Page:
There's nothing wrong with going back to the basics for songwriting.
One great advantage of using common chord progressions is that you are giving familiar ground to your listener. Generally, they will relate to your song far quicker than something more departed. Also, for a beginner songwriter it can be a challenge knowing just which chords to put together. Often it's a process of trial and error or borrowing ideas from other songs. Both of those techniques are fine. They really work.
Sometimes a beginner wants to feel more in control or more creative. Sometimes they want to write a song in such a way that it sounds 'composed' in a more professional way, and less like someone was fumbling over their instrument trying to get something to work. Or they might have sounds in their head and need some direction on how to get them out of their head and onto their instrument.
And, of course, those who are already proficient at songwriting don't want to get caught in a rut. We all need new influences, new inspiration. How many times have you heard of a huge artist stating they wanted to go back to their roots for a while? To explore where it all began for them. Often that brings great results too.
As you have most likely worked out in today's post we're getting down to the basics of putting some chords together. If you have a grasp of music theory up your sleeve then you're probably a few steps ahead already and are hopefully thinking, "what if I tried this with 7th chords", or, "you know I haven't really used a diminished chord. I might try that." So, my skilled chordists (that's a word, right) I leave you to it and will focus on learner songwriters. Let's take a look at the chart.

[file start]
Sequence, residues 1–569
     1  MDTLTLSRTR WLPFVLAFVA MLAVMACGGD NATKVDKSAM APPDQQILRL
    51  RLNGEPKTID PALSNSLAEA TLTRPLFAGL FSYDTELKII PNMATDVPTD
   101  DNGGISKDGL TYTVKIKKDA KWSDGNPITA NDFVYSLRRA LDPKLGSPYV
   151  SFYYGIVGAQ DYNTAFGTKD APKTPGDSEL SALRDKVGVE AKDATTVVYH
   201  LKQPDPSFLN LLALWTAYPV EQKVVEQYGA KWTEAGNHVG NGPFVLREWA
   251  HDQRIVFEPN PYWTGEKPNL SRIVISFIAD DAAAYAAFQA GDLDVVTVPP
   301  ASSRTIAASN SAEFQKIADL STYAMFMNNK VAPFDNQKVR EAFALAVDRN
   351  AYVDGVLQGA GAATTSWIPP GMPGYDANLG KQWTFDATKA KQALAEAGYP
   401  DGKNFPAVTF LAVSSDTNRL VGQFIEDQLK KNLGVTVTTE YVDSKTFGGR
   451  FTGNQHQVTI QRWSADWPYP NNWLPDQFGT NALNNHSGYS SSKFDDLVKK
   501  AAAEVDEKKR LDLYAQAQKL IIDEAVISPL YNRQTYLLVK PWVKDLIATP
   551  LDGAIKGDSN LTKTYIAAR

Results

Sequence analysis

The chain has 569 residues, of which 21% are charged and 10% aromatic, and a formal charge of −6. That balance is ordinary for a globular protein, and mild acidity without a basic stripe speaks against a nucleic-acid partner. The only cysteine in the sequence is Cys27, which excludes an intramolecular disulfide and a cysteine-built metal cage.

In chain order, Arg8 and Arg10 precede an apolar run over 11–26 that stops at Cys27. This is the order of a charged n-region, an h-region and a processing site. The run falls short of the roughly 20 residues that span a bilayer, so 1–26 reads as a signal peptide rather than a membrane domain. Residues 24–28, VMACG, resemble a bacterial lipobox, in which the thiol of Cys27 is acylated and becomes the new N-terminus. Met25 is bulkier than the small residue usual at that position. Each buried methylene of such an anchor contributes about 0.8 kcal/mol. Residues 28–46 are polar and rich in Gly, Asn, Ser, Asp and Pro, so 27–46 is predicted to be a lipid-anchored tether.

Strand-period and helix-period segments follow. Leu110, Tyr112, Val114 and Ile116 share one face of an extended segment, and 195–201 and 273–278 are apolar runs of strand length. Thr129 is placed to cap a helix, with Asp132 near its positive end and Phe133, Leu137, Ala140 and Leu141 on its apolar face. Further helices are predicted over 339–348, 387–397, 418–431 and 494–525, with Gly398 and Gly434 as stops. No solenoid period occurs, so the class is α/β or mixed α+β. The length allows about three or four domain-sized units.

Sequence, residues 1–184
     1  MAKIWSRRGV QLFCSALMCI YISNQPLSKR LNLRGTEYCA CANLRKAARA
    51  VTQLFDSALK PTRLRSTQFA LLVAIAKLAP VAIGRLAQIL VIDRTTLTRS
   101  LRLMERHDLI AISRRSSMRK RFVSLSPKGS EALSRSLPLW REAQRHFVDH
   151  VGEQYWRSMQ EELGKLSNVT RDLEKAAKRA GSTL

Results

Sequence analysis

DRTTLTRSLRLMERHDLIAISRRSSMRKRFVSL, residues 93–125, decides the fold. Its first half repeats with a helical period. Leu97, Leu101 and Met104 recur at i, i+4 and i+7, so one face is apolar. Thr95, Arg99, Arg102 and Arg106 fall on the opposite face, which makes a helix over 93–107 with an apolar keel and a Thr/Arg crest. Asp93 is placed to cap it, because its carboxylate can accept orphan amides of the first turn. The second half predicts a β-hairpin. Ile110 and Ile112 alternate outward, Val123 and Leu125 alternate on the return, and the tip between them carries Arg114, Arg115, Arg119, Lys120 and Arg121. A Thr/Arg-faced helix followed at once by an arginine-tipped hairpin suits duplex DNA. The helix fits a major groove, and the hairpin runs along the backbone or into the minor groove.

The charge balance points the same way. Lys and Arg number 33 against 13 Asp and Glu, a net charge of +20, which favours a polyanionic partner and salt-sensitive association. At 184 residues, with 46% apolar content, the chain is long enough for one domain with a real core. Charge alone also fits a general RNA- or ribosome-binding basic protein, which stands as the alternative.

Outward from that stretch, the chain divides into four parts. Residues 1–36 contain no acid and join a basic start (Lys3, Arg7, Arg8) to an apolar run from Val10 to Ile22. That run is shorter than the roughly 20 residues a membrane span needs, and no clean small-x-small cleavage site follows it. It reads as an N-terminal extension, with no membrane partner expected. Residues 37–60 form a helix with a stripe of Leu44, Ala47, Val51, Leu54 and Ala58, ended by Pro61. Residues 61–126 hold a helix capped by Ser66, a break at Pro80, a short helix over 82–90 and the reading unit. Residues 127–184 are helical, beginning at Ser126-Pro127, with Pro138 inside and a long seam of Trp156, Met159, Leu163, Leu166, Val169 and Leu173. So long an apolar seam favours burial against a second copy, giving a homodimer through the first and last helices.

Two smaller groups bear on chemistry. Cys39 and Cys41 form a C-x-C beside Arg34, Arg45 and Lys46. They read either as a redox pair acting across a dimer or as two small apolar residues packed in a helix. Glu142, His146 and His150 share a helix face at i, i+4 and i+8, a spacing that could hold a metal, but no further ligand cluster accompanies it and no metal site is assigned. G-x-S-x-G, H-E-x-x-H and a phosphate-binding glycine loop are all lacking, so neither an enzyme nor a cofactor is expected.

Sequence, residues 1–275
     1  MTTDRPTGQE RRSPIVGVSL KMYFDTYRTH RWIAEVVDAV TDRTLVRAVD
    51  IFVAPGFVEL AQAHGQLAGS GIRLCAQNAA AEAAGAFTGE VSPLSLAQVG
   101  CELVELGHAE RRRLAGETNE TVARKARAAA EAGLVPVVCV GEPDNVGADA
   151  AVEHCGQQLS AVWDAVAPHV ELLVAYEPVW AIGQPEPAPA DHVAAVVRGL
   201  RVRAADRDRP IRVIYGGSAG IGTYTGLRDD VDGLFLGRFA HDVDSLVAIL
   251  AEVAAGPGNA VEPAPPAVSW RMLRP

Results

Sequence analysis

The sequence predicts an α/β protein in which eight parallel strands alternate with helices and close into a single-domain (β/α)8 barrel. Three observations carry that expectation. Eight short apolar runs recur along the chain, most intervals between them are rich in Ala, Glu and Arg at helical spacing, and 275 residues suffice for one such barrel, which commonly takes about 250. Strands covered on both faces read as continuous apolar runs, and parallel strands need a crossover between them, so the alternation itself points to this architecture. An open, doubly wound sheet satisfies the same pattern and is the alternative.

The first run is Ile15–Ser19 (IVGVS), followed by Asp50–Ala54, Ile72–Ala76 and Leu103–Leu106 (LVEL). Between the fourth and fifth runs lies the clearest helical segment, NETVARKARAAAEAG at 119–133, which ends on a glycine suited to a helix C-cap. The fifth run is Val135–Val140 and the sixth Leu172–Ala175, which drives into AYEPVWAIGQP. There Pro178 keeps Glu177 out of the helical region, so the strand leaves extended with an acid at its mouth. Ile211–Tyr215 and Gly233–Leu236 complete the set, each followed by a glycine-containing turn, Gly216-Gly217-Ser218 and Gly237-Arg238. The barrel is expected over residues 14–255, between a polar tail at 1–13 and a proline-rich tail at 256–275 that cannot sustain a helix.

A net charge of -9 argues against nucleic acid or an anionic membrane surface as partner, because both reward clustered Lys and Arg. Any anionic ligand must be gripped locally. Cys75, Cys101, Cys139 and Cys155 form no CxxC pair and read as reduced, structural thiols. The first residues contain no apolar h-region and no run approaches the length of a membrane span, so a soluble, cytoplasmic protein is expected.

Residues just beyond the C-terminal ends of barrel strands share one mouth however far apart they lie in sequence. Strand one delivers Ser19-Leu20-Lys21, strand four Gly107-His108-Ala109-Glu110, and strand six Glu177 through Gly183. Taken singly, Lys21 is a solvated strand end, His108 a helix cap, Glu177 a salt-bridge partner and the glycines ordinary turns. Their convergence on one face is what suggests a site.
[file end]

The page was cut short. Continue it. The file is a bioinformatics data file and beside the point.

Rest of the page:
You can see that the top part is divided into two main sections - Major keys and minor keys. The panel to the left shows you which chords out of all the possible chords in any key are used to make that progression. It should be easy enough to see that a First-Fourth progression uses the first and fourth chords of a particular key. In music chord increments are given in roman numerals, I, ii, iii, IV and so on.
Skip down to the bottom chart. It gives a few examples for you. You can use that as a base for working out chord progressions. If you check along the C Major row of that bottom chart you can see that the 1st chord (I) is C Major and the fourth chord (IV) is F Major. Therefore the first and fourth chord combination is C Major and F Major. A first and fifth combination is C Major and G Major.
You can now use the top chart to work out some common chord progressions for any key whether Major or minor. If you don't know how to work out chords in different keys that's a different subject which takes a while to explain. See how you go with the examples in the bottom chart.
Because the 12 Bar and 8 Bar blues are also common progressions we've thrown them in too. You can also create versions of those progressions using the examples at the bottom of the diagram.
Okay, then. Hope you got some inspiration out of this. Happy Songwriting.
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